One of the skills we teach clients is mood mastery —how to choose their mood. All of us have a profusion of moods at our disposal at any given time. So often, we choose negative moods simply because we’ve formed a habit of submitting to their strong presence. We’ve allowed them to take shortcuts to the front of our mind.
Mood mastery is akin to choosing your attitude. Mood and attitude are separate but interrelated. Mood is how we are feeling; attitude is how we respond to the mood. Choosing our attitude, our response to the mood, is one way we can actively achieve mastery over any mood. No matter what mood we initially experience, our attitude can either reinforce it or cause us to choose another.
Let’s be clear: Choosing a mood is not about reacting to an event or circumstance. Things happen and each of us will have a natural reaction, such as a surprise or anxiety, similar to the way anyone else might react. It is what happens next that falls under the category of choosing our mood. After our initial reaction, we have the opportunity to review that reaction. Then we can intentionally respond with a continuation of it, or we can respond with another mood choice.
Here’s a common example: We’re in our car on the way to work. Maybe we’re running a little late. All of a sudden, the car next to us swerves into our lane, cutting us off. Our reaction is probably one of shock and surprise. It may even be anger—it’s upsetting when we feel endangered or surprised by someone else's irresponsible action.
What happens next, however, is a choice. We can choose to take a deep breath and back off the bumper of that car, realizing it would probably be a good idea to have a little more room between that driver and ourselves. In other words, we can choose to respond intelligently. But we can also choose to respond angrily. An extreme example of this response is road rage. It begins when the actions, real or perceived, of another driver produce an angry, aggressive response from us. Even if we don't go as far as experiencing road rage, we can still allow that event to fuel a bad mood. We can choose to react to it by remaining angry long after the fact.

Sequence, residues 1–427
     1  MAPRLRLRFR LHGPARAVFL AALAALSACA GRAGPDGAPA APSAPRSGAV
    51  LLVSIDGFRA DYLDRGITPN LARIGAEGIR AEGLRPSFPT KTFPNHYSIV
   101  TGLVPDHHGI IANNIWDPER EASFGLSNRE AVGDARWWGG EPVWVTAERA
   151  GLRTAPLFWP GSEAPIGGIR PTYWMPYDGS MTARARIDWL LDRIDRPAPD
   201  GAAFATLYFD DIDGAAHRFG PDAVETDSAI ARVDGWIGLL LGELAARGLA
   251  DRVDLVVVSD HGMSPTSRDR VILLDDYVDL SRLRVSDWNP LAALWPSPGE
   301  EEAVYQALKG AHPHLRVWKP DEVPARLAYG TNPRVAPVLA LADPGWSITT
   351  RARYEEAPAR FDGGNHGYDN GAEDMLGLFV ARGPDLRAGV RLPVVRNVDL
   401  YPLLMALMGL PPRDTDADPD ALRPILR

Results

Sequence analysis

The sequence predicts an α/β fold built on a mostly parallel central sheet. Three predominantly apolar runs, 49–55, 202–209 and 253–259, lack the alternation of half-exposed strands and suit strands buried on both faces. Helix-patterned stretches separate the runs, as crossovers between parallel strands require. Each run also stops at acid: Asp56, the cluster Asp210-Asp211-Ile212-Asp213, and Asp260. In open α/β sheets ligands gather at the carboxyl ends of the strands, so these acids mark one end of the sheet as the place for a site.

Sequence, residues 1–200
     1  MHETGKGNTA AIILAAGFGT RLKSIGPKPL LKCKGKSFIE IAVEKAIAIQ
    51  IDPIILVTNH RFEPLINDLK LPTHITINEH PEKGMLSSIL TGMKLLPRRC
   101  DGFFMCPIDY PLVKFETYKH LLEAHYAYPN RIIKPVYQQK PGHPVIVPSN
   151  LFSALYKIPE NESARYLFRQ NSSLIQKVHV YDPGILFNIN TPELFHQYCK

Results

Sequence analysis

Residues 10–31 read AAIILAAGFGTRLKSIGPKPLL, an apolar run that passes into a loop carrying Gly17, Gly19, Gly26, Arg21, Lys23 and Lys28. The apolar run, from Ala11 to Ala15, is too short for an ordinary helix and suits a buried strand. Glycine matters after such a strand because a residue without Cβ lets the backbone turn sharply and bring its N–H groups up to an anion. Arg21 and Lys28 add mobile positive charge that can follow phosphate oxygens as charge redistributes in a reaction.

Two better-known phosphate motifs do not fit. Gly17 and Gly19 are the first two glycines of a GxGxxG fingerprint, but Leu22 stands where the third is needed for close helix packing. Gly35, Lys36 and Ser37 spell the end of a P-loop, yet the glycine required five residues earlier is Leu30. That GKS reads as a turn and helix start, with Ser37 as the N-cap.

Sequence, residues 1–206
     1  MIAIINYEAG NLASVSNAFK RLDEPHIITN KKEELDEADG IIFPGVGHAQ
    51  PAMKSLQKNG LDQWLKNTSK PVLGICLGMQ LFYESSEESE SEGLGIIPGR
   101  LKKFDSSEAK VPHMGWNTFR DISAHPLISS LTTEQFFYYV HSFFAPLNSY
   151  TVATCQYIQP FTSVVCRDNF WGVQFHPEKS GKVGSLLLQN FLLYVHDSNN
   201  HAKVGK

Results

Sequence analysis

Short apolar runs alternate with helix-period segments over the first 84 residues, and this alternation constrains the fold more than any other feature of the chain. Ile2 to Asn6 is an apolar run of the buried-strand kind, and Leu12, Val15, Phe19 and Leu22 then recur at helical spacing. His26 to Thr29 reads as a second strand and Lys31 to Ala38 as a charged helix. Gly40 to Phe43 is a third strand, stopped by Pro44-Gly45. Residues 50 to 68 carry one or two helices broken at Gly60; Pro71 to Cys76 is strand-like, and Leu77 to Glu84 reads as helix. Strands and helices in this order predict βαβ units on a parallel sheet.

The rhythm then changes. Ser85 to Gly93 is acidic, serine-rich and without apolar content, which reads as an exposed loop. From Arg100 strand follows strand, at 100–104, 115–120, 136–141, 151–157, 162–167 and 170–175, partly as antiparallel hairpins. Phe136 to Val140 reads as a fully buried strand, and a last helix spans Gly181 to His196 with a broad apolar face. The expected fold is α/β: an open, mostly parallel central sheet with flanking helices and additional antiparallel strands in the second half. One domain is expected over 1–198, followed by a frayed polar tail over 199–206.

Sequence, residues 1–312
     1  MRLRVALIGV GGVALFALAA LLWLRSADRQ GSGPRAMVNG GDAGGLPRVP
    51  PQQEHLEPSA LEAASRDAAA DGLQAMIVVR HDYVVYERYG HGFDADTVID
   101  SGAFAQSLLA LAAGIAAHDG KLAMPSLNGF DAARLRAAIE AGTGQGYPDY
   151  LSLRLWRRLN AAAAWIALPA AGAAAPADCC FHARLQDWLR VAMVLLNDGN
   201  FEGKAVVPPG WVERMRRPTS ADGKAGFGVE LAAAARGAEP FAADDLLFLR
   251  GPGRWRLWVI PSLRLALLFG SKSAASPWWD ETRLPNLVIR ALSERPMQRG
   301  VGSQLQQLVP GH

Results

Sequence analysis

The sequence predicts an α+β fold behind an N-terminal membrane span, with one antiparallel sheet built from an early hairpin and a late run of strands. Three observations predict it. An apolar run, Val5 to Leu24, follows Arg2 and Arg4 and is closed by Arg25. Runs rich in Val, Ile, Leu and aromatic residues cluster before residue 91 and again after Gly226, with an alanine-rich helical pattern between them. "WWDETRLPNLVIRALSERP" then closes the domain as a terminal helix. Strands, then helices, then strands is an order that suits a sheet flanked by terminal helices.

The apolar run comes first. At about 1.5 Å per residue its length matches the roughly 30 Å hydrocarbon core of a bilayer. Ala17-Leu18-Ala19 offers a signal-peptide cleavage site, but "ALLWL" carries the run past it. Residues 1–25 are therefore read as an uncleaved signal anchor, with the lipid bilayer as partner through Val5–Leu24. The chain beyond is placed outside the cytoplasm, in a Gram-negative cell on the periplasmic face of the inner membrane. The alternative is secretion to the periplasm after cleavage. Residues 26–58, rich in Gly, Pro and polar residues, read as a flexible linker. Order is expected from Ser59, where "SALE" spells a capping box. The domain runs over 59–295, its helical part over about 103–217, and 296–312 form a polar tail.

If an event such as getting cut off on the road can generate a day-ruining reaction, it’s not surprising that other, more serious or traumatic events can lead to a sustained bad mood lasting months or even years. Once people understand this, we can work to support them in expanding the moods they choose from.
Here are a few techniques to help you master your mood, regardless of what life presents to you:
A good mood allows you to experience life in its fullest. But sometimes it doesn’t come naturally, while unconstructive moods do. To overcome such negative thought patterns, you must go against the flow and strive, even if it seems like you’re paddling against a strong current, to promote optimism, hope, and joy. Once you begin putting good energy out into the world, you’ll be amazed what you’ll get in return.
Gregory L. Jantz, PhD is the founder of The Center • A Place of HOPE and an internationally recognized best selling author of 28 books related to mental wellness and holistic recovery treatment. Excerpts of this blog were taken from Dr. Gregory Jantz’s book Turing Your Down into Up: A Realistic Plan for Healing from Depression.